Tuesday, September 15, 2009

Manager Merkel

Angela Merkel once delivered a speech as opposition leader at Georgetown University in which she outlined a more pro-Bush, pro-Iraq war foreign policy. During the Q &A I was lucky to ask her a question about how she justified such a stance in light of the poll numbers showing over 90% of Germans against the invasion of Saddam Hussein's regime. I don't remember all of the specifics of her response--I think she mentioned something to the effect that leaders need to lead and that opinion polls are not the be-all and end-all of politics. But, I do remember being extremely impressed with the eloquence and forcefulness of her answer and concluding that she was undoubtedly chancellor material.

I think that her tenure as chancellor thusfar has proven her abilities--managing a fissiparous grand coalition, steering the country through the worst economic crisis in decades, pushing through needed reforms in family policy, strengthening foreign partnerships and continuing efforts to deepen the European Union. She has proven a brilliant manager, but not quite the leader that I saw several years ago.

There has been no real vision or unifying theme to her chancellorship. Of course, she was burned in 2005 by having too sharp a profile, has had to manage an ideologically diverse government, and, like any politician, must always think about re-election (in the context of a risk-averse electorate). Moreover, there is nothing wrong with being managerial--a well-respected leadership type--which is especially welcome in light of the recent charisma overload in Europe with Putin, Berlusconi and Sarkozy.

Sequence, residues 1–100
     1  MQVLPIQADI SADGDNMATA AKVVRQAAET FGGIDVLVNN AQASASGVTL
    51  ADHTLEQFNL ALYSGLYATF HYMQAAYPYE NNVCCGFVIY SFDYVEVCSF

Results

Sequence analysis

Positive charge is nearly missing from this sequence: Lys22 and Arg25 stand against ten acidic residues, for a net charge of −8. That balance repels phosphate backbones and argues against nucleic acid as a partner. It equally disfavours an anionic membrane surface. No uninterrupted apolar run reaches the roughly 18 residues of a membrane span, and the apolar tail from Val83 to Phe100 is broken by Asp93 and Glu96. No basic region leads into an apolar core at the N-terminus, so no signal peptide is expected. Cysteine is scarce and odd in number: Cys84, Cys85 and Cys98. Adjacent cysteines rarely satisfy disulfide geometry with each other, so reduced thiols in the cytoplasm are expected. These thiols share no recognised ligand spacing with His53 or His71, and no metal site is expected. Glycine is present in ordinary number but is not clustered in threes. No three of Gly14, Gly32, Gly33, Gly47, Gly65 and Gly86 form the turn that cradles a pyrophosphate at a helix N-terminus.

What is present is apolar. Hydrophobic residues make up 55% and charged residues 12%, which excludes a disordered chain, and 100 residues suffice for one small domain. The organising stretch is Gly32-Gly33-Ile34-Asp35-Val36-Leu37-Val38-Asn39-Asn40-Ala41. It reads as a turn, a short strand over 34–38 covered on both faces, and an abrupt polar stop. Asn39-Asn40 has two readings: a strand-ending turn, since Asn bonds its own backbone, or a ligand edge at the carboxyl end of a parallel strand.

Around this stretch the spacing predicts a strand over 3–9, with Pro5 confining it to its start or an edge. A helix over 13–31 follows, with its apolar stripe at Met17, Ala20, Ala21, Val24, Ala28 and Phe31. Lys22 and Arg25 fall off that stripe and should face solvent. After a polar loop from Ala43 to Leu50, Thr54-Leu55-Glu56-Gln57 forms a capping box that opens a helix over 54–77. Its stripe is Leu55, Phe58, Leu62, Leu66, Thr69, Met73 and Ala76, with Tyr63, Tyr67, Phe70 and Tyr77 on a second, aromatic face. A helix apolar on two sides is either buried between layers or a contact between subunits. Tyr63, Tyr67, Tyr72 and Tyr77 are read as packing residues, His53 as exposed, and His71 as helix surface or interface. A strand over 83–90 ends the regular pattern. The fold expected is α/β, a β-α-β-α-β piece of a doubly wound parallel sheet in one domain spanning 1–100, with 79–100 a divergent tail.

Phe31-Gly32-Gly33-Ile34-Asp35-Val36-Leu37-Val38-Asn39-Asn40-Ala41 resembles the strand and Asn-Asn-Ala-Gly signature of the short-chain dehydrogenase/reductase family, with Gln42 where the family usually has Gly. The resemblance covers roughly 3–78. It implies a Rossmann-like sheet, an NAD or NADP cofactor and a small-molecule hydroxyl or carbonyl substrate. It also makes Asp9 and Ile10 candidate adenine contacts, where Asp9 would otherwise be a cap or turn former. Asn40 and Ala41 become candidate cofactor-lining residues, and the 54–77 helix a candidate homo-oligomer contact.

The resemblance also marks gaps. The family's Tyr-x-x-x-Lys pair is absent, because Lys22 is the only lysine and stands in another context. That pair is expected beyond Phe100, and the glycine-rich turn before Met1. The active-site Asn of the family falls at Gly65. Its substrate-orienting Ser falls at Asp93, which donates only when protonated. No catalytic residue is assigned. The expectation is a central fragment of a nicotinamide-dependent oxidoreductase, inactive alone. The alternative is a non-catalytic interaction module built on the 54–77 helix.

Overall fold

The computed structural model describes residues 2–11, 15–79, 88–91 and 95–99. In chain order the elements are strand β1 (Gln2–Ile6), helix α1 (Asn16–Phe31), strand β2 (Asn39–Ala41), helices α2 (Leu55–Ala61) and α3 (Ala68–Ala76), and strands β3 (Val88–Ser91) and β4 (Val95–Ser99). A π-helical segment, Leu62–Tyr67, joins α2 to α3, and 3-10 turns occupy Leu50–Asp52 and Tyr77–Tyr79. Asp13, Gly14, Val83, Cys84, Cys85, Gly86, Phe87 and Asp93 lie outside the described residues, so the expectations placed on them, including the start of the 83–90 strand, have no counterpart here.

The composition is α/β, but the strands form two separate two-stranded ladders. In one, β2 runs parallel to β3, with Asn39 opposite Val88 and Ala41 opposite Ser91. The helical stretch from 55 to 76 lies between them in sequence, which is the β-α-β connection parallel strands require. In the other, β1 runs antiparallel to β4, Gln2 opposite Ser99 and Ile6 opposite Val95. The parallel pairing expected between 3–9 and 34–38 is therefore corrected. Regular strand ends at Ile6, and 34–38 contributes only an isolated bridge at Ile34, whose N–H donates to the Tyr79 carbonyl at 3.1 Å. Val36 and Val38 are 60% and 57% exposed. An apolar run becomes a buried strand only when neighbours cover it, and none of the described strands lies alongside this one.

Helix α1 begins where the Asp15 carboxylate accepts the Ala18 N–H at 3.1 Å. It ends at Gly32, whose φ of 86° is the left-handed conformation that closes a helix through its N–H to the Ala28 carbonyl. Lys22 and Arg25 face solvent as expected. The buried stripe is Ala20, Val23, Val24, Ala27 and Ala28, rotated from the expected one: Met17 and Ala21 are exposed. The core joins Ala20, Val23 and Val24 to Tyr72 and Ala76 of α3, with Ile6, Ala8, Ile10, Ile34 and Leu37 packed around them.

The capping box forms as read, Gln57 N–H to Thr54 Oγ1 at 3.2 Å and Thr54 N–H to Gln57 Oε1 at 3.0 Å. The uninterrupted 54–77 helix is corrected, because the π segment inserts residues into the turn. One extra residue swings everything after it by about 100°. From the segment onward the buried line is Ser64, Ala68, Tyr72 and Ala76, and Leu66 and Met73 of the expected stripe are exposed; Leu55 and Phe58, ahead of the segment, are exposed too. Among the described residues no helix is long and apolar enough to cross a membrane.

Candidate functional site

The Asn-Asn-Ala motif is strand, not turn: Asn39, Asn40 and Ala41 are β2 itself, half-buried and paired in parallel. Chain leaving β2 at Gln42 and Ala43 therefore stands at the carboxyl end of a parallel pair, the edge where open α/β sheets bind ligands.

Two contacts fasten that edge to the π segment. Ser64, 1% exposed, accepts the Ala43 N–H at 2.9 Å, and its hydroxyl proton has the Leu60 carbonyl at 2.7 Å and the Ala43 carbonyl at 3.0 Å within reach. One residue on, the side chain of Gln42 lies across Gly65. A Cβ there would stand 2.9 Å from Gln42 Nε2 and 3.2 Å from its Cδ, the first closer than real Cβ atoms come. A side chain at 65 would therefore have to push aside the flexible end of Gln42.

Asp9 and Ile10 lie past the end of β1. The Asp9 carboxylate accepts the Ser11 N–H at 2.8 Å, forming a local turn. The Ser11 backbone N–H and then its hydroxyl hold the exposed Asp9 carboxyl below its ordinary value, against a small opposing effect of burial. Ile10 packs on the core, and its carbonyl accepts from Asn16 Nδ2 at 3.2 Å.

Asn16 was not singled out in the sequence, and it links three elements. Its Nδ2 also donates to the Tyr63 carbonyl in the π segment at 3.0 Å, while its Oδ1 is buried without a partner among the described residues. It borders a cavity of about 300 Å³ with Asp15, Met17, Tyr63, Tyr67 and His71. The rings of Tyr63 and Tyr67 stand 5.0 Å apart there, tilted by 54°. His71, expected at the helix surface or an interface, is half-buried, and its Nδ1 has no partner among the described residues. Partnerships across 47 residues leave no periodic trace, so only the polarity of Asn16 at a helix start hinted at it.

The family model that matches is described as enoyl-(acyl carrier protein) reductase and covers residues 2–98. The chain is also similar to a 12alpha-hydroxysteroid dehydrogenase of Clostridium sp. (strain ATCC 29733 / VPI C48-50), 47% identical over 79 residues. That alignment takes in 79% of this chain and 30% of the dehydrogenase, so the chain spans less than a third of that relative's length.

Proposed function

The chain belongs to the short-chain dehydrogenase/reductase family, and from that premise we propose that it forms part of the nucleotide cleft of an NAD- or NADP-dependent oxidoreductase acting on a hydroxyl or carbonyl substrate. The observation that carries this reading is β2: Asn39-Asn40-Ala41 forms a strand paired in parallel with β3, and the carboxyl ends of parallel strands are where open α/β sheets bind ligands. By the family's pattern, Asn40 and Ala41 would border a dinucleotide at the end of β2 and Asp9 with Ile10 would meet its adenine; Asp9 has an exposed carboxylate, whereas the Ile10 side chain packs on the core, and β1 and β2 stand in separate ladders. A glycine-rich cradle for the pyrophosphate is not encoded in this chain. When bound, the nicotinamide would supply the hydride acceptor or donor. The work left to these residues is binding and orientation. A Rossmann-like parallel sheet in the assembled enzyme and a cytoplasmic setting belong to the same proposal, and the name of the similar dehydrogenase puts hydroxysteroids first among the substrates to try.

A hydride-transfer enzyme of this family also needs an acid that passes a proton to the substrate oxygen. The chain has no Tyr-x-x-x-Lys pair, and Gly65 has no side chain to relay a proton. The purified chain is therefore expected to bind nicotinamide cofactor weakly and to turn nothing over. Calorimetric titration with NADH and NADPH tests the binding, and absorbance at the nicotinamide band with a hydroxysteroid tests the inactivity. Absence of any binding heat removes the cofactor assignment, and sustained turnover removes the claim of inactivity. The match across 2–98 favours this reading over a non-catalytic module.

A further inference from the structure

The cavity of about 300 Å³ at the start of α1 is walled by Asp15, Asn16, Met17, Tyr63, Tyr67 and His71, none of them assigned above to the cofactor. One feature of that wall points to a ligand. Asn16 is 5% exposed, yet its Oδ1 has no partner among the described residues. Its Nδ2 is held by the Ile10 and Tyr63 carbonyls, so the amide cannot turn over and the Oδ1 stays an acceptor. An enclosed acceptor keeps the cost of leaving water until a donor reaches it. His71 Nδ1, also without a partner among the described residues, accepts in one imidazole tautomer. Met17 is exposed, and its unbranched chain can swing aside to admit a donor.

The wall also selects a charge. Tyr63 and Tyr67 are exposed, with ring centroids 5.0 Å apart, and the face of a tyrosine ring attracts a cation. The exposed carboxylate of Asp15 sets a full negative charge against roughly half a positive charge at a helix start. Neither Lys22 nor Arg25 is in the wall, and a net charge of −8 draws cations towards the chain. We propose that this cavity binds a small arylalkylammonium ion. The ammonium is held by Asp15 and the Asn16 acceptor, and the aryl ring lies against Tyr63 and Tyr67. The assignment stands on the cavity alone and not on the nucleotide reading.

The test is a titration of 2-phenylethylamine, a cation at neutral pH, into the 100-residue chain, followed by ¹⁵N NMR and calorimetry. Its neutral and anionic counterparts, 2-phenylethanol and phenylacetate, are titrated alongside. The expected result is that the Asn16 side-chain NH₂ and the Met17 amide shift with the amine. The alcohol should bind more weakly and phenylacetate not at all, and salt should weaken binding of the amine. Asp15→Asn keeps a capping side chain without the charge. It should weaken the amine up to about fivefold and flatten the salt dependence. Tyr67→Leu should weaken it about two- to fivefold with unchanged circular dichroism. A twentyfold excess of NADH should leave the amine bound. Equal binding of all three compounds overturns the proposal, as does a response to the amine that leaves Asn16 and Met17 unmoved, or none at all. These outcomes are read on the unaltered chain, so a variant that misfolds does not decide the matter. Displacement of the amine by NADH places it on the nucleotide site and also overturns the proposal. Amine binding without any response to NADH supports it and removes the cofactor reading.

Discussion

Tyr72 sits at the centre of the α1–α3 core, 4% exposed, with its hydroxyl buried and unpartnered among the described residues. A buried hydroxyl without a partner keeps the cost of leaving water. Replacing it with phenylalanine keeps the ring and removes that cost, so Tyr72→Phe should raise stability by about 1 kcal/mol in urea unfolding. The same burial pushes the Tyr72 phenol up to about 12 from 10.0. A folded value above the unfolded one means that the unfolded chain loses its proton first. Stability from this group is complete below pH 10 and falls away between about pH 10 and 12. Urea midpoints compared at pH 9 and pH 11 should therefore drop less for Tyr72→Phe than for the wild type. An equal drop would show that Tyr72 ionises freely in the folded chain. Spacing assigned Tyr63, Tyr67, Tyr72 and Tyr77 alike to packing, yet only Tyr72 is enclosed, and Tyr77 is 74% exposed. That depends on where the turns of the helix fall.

But, as many others have pointed out, there are major costs to such a timid persona and campaign strategy. Naturally, like every election some have tried to dramatize the moment as a major crossroads and caesura. Maybe 2009 is not one of these existential moments, but there certainly are a variety of pressing policy issues that need more than mere management.

In foreign policy, for instance, the Afghanistan deployment needs to be addressed. No longer is the Lebenslüge--that the Bundeswehr is not involved in combat--tenable. Prescient commentators noted years ago that actual combat was going to happen sooner or later and that the armed forces (and general public) would have to prepare themselves for this eventuality. The current situation--deteriorating security, questionable decisions generated by an unwillingness to engage in combat--is doing more harm than good. German leaders are at a decision point--withdraw or commit fully. Unfortunately, none of the parties or their leaders has prepared the German public (or allied governments) for either of these policy shifts. Instead we get grandstanding from the likes of Schröder and Steinmeier--and faux populism from the Left Party. The list of other similar policy challenges is rather long: the demographic time bomb, bureaucratic red tape, education, export dependency, or energy policy.

I don't want to contradict myself. I am not advocating a dramatic campaign with clear policy differences, real debate and fundamental choices offered to the electorate. But, I do wish that the major candidates would appear more presidential, so to say. Admittedly, I have had very low expectations for the SPD this year. The party has long struck me as exhausted from governing, bereft of leaders and in need of a longish spell in opposition to regenerate (and to deal with its exposed left flank). Even Steinmeier's better-than-expected performance in the television debate has not changed my opinion (although it does reinforce the point I made in previous posts about a late SPD surge).

But, I was really expecting more from Merkel. Of course, she has proven time and time again that she can surprise everyone. In fact, some have pointed out that underestimation of her abilities is a calculated and very effective tactic. But, there comes a point when it is appropriate to ask if that's all there is. I fear that with her timid, dispositionally conservative demeanor (as chancellor and campaigner), she will lose her opportunity to rise from a great manager to a real leader. I'd like her to heed her own advice and see her actually lead.

--Eric Langenbacher

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